Dear Tax Talk,
My mother passed away last summer and my brother and I were designated as co-executors. We are in the process of listing the home with an agent. My question is about taxes on an estate sale. If furniture, artwork and decorative items are sold for less than the original price, is the income taxable? Or can we take a loss? If furniture is given to additional family members, is the item deductible? We are contributing most of the clothing to charities.

This entire process is becoming overwhelming! Thank you for your assistance.
— Clara

Dear Clara,
You can disregard the original purchase price when determining if there is a gain or loss on the sale of your deceased mother’s furniture, artwork and decorative items because your “basis” for determining gain or loss is going to be the fair market value of the items at the date of her death.

As you now know, executors have many duties to take care of for an estate. Unless the will specifies who gets what, the decisions regarding what to do with all of the personal belongings are especially difficult. Many items may have a very insignificant value dollar-wise, but the memories associated with them are truly priceless. And then there may be some more valuable items, such as the artwork, that need to be appraised.

Let’s go through what your choices are now that it is time to make decisions. You can have an estate sale, divide the belongings among family members or donate items to charity — or some combination of the three.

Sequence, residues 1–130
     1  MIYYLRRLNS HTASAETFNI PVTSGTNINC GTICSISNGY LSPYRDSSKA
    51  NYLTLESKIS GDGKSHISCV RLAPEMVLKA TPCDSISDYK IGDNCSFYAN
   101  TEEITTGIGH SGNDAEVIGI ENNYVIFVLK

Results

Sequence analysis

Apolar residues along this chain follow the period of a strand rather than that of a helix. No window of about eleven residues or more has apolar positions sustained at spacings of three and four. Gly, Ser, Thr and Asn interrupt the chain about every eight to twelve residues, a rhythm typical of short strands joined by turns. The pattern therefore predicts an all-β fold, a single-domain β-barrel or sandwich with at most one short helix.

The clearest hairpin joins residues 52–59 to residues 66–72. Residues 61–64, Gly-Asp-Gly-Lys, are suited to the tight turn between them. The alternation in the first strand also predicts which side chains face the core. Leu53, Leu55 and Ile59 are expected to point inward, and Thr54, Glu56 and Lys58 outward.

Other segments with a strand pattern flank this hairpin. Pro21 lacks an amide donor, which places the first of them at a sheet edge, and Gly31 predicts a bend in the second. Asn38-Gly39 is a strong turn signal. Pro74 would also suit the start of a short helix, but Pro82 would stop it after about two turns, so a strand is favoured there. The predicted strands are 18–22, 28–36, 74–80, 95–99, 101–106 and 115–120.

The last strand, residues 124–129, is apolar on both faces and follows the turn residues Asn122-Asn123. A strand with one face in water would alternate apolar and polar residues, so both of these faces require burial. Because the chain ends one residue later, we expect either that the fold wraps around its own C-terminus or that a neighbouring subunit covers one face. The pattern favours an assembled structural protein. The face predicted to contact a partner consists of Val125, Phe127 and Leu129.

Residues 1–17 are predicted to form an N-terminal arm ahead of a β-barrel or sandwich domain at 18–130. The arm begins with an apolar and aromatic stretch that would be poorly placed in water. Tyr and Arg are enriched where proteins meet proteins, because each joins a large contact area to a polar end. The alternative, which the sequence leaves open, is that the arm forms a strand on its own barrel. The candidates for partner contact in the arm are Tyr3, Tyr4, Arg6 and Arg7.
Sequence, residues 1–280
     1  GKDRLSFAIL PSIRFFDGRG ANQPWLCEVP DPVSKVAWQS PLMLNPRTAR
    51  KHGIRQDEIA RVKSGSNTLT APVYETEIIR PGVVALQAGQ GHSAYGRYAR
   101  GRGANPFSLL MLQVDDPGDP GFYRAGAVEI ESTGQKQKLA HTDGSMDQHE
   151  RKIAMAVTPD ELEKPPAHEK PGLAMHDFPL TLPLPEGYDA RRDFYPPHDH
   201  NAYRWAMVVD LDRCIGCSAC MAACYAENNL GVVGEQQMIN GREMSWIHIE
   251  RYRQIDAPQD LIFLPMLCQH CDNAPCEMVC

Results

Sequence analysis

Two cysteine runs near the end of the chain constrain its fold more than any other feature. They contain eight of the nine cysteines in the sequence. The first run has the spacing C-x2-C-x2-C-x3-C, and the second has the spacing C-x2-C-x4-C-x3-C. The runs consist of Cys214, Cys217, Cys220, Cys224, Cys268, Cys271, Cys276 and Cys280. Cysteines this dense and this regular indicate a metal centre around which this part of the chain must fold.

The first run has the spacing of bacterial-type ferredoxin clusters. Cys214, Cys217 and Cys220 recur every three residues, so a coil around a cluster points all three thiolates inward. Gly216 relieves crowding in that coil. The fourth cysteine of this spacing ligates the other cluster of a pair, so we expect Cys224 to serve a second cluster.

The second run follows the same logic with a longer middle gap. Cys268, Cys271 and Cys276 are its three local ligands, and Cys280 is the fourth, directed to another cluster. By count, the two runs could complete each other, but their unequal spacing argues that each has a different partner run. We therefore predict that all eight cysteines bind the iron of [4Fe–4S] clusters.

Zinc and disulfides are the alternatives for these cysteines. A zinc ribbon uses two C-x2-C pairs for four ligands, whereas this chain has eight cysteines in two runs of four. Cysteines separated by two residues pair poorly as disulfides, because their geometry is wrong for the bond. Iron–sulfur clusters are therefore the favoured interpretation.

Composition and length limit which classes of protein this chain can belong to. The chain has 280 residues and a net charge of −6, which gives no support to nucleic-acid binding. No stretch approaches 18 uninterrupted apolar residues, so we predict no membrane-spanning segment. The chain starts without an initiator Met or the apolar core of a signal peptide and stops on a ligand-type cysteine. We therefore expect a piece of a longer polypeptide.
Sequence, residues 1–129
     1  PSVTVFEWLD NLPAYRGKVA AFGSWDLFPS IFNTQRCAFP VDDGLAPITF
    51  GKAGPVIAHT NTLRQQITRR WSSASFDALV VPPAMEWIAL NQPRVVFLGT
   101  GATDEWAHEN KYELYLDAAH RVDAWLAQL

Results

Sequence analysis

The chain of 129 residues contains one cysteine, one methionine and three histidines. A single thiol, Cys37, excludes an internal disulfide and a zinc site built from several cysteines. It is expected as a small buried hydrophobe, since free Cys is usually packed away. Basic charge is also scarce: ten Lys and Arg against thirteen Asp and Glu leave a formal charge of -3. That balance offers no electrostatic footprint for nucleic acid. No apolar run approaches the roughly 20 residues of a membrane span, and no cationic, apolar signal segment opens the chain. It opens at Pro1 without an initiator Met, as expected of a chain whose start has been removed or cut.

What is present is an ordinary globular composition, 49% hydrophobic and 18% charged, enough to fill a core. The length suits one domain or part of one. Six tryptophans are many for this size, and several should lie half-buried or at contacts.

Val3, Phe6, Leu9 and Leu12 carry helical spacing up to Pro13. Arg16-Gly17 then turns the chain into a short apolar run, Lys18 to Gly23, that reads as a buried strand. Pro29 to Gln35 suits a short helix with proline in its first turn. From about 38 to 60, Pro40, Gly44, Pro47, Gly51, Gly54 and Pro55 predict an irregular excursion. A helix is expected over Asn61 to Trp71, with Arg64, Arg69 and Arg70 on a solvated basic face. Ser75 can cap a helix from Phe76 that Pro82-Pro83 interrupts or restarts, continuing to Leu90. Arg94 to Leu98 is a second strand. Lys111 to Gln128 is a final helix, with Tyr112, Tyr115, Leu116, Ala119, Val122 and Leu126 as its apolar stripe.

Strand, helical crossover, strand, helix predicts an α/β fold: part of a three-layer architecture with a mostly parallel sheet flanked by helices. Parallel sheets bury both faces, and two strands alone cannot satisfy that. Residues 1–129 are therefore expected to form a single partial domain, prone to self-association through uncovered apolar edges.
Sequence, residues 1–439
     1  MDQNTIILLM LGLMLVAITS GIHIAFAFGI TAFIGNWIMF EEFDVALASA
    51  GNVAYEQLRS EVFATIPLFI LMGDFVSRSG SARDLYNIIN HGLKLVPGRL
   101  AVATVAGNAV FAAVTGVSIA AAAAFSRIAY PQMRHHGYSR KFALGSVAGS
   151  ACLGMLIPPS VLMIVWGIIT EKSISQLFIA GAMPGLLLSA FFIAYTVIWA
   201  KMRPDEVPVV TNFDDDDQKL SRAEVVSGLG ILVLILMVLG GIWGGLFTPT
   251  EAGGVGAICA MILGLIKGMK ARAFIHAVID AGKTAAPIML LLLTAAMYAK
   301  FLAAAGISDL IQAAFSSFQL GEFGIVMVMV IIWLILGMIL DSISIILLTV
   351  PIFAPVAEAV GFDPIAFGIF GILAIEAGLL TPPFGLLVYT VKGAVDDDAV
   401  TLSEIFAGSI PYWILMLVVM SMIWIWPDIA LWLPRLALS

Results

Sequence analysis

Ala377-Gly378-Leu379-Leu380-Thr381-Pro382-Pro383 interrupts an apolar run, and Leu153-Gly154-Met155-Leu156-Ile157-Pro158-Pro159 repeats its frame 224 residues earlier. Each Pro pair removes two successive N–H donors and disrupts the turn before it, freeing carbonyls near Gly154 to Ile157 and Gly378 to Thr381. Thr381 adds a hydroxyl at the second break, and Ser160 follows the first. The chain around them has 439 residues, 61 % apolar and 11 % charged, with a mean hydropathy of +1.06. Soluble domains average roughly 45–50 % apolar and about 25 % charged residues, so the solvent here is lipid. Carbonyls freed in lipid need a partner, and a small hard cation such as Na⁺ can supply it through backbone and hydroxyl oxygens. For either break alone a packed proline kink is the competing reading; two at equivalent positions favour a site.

For example, take that living room sofa that was originally purchased for $3,500 10 years ago that was worth $500 when your mother died. If you sell it for $500, then there is no taxable gain or deductible loss. If you give it away to a qualified charitable organization, then you can claim the fair market value as a charitable deduction.

Taxes on selling Mom's things | Living room retro style: © Jana Guothova/, Sales tags: © little Whale/, Vase: © valeo5/

Regarding the option of giving items to family members, there is a saying that charity begins at home, and I am sure your family would really cherish having some of your mother’s belongings. However, if you do give items away to family members, there is no income tax deduction — just the satisfaction of knowing you have done something very generous.

I wish you and your brother to experience wonderful memories as you go through this process and keep in mind your mother had all the best reasons in having you two do this together.

Thanks for the great question.

Ask the adviser

To ask a question on Tax Talk, go to the “Ask the Experts” page and select “Taxes” as the topic. Read more Tax Talk columns.

To ensure compliance with requirements imposed by the IRS, we inform you that any U.S. federal tax advice contained in this communication (including any attachments) is not intended or written to be used, and cannot be used, for the purpose of (i) avoiding penalties under the Internal Revenue Code or (ii) promoting, marketing or recommending to another party any transaction or matter addressed herein. Taxpayers should seek professional advice based on their particular circumstances.

Bankrate’s content, including the guidance of its advice-and-expert columns and this website, is intended only to assist you with financial decisions. The content is broad in scope and does not consider your personal financial situation. Bankrate recommends that you seek the advice of advisers who are fully aware of your individual circumstances before making any final decisions or implementing any financial strategy. Please remember that your use of this website is governed by Bankrate’s Terms of Use.